4. Ladle into bowls and enjoy by a cool September bonfire. This chowder is especially tasty topped with oyster crackers. Delicious!

There may be affiliate links in this post! By purchasing a product I recommend, I may receive a small compensation. However, I only recommend products I love and use myself. Thank you for your continued support of The Ardent Cook, it does not go unnoticed.

Red Curry Pulled Chicken with Turmeric-Lime Rice

Red Curry Pulled Chicken with Turmeric Lime Rice is a warming bowl of comfort that is perfect for meal-prep. Chicken breast is slow-braised in a bath of red curry paste, onions, and garlic until it falls apart, then gets served over perfectly spiced turmeric-lime rice. Make a large batch at the start of the week with a vegetable stir fry and store in individual containers for easy, filling lunches that don’t skimp on flavor!

Ingredients needed to make Red Curry Pulled Chicken with Turmeric-Lime Rice

One of the reasons I love this red curry chicken is because it’s packed with flavor thanks to the curry paste, making the need for extra ingredients to achieve flavor pretty much unnecessary. Curry paste is essentially just a concentrated flavor bomb, and it’s awesome. Here’s everything you’ll need to make Red Curry Pulled Chicken with Turmeric-Lime Rice, and you likely have some of these items in your kitchen already:

-Boneless, skinless chicken breast

-Yellow onion

-Fresh garlic

Red curry paste

Coconut cream

-White rice

Coconut oil

Turmeric

-Limes

-Salt and pepper

-Cilantro, for serving

Tools used to make Red Curry Pulled Chicken with Turmeric-Lime Rice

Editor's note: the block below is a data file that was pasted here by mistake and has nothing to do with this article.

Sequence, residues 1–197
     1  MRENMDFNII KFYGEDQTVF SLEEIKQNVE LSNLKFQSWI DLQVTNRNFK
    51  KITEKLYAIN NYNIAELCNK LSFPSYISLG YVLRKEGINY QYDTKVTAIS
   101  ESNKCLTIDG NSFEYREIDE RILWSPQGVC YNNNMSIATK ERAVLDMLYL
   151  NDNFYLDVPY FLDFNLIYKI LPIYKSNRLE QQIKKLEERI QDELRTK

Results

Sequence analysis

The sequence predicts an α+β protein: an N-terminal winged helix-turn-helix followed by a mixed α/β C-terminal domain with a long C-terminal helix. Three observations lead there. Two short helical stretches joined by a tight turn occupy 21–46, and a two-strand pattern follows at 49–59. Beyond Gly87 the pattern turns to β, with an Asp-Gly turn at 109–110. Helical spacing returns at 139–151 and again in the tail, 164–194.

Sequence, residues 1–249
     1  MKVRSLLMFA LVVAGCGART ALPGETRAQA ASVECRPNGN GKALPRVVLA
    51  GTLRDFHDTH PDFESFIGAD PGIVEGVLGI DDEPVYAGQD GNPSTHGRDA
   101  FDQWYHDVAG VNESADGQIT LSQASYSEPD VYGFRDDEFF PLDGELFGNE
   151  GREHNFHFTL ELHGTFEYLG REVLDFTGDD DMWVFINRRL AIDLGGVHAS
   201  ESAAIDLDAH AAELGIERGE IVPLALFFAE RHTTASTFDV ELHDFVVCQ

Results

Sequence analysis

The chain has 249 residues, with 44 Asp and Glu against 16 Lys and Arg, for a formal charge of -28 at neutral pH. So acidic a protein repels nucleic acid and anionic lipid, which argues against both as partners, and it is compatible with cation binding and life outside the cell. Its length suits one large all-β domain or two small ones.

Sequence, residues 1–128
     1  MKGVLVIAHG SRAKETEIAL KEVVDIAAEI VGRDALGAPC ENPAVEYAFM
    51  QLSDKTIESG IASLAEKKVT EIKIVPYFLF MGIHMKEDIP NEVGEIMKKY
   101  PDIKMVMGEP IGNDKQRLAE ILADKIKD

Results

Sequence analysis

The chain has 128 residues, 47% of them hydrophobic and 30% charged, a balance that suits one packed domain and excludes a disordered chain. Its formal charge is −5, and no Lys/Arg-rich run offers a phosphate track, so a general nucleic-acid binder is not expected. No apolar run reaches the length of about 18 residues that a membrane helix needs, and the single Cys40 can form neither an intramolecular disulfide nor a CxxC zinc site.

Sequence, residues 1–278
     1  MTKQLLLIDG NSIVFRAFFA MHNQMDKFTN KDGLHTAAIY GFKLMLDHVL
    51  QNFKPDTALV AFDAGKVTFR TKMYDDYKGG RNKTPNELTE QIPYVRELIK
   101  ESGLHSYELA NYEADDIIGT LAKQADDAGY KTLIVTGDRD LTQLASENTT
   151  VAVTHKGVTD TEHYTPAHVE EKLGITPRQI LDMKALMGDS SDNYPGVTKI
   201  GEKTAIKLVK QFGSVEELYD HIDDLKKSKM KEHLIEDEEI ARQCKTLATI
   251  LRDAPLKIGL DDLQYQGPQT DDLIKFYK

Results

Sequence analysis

I love this recipe because it’s two pots and THAT’S IT. Well, plus a cutting board, knife, and large spoon. But then that’s really it.

First, you’ll need a Dutch oven with matching lid, like this one that I have. I’ve had this for years, and it actually was a hand-me-down from my dad. These babies will last a lifetime if they’re properly taken care of, and I highly recommend investing in one for everything from roasts to soups to pastas. It’s my most used kitchen item, hands down!

Other than the Dutch oven, you’ll also want a pot to cook your rice. I like to use a pot that is much larger than the amount of rice I’m cooking, for two reasons. One, I can’t stand when rice boils over, so using a larger pot avoids it all together. Two, this recipe has you stirring coconut oil, turmeric, and lime juice into the rice once it is cooked. When you use a large enough pot, you can actually just stir those ingredients right in without having to transfer the rice to a mixing bowl. It’s a win-win!

As I always say, you definitely need a good chef’s knife for chopping and mincing your onion and garlic, plus a cutting board to do that on. I also recommend shredding the chicken with two forks, which I know you already have.

How to make Red Curry Pulled Chicken with Turmeric-Lime Rice

If you’ve tried my Pulled Buffalo Chicken Bowls with Blue Cheese Celery Slaw, then you’re familiar with the process of making this delicious pulled chicken. In fact, it’s almost exactly the same, with the exception of substituting red curry paste for the hot sauce. If you refer to the Buffalo Chicken recipe linked above, you will notice that there is a crock-pot method to make this pulled chicken. Head there if you would rather do that. Otherwise, read on for the Dutch oven method (my preferred method, and it’s quicker too).